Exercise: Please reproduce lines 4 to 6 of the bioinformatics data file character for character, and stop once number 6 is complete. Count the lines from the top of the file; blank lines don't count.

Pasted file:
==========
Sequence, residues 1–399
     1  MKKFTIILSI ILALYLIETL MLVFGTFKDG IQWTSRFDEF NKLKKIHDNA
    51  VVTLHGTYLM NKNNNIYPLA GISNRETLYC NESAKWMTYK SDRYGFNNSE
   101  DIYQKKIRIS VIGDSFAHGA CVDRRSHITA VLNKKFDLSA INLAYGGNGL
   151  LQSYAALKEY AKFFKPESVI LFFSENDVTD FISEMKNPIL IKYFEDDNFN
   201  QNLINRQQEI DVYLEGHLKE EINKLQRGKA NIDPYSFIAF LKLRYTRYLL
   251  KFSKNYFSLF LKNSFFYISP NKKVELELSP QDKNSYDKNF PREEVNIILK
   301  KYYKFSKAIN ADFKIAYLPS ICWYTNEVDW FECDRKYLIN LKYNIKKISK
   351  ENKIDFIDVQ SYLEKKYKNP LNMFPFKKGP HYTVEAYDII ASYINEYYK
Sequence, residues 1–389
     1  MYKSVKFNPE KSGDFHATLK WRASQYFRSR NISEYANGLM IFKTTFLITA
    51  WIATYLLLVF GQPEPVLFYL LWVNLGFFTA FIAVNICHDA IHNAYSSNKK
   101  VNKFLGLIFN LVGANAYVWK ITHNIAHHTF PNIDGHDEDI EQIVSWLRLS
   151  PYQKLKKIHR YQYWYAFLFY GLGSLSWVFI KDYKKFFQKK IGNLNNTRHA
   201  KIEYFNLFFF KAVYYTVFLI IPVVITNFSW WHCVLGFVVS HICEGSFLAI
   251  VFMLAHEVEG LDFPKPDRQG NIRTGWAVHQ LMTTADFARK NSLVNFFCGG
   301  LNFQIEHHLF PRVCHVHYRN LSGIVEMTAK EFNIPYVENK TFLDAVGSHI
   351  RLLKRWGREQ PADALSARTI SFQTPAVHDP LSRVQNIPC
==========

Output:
   101  DIYQKKIRIS VIGDSFAHGA CVDRRSHITA VLNKKFDLSA INLAYGGNGL
   151  LQSYAALKEY AKFFKPESVI LFFSENDVTD FISEMKNPIL IKYFEDDNFN
   201  QNLINRQQEI DVYLEGHLKE EINKLQRGKA NIDPYSFIAF LKLRYTRYLL